I looked through the blog and realized that I haven’t really blogged about drafting. I’ve blogged about all the rules NASCAR’s enacted in the last couple of years to try to control drafting, but not drafting itself. So, with Talladega coming up, here goes
Daniel Bernoulli: A Founding Father of Racing
Sure, NASCAR itself started with Bill France. But racing wouldn’t be possible without the scientific achievements that led to the technologies used in racing. Many of those developments happened way, way before the automobile was even invented.
Daniel Bernoulli was a mathematician who, in 1738, published the principle that explains two of the most important technologies in the history of NASCAR: the carburetor and the shapes of race cars.
Bernoulli came from a very talented Swiss family, including his father, Johann (an early contributor to the new field of calculus) and uncle Jacob (who worked in probability theory). Daniel’s brothers were pretty accomplished as well, but Daniel was recognized as “the smart one” — which caused him problems. History doesn’t tell us if he was beat up at school, but we do know that Daniel and his father competed in a scientific contest at the University of Paris.
Daniel won and his father kicked him out of the house. The two men had a very tenuous relationship from there.
So what did Daniel do? This:
Crystal clear, right? No matter: Here’s all you need to know for the purposes of Talladega:
So take a look at how air flows over a race car. The key here is that longer, greener arrows mean faster moving air (and thus lower pressure). Shorter, redder arrows represent slower moving air (and thus higher-pressure air).
Some air goes under the car, but we’re interested in the air that goes over the car. Starting from the front:
- The air slows down at it hits the nose/splitter
- It starts to speed up as it goes over the hood
- Then it slams into the windshield, which redirects the air — and slows it down
- Again, it speeds up as it goes up the windshield
- And reaches maximum speed on the roof
- As the air travels past the roof, it starts to become turbulent. It’s the same effect as you see if you stir cream into your coffee with the back of a spoon. The cream swirls and so does the air.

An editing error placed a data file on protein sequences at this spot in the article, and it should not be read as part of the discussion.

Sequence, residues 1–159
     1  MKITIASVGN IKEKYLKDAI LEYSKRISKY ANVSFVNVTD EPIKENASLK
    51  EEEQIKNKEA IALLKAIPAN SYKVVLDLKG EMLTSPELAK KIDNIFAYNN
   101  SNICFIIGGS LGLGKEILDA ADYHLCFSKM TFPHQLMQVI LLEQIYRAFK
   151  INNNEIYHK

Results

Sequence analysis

- The air slows down as it hits the spoiler
- The air goes up and over the spoiler, creating even more turbulence as it flows over the rear of the car.
When we look at the forces on the car:
For forces up and down: Green areas mean less pressure (lift) and red areas mean more pressure (downforce).
- Notice the green areas on the hood and the roof? It’s no coincidence that these are the areas where flaps are designed into the car. These areas can crease significant lift. When the flaps deploy, they slow down the air, which increases the downforce in those areas
- There are three areas with significant downforce
- The front of the car, which creates downforce on the front tires
- The rear of the car, which creates downforce on the rear tires
- The base of the windshield — which is where air goes into the engine
What we’re interested at plate tracks, though are the forces acting on the front and rear of the car.
- The air slamming into the front of the car creates front drag
- The turbulent air in the rear creates a vacuum, which means it pulls backward on the car, slowing it down
FoxSports and NBCSN have much better graphics than I do, but this should give you an idea. The whole point of drafting is to get two cars close enough so that the air thinks they’re a single entity. Compare the diagram below where each car has front and rear drag when they run separately.
When they get close enough, the air doesn’t get turbulent behind the first (orange) car. It flows right onto the trailing car.
- Note that the trailing car gets a little less front downforce and the rear car gets a little less rear downforce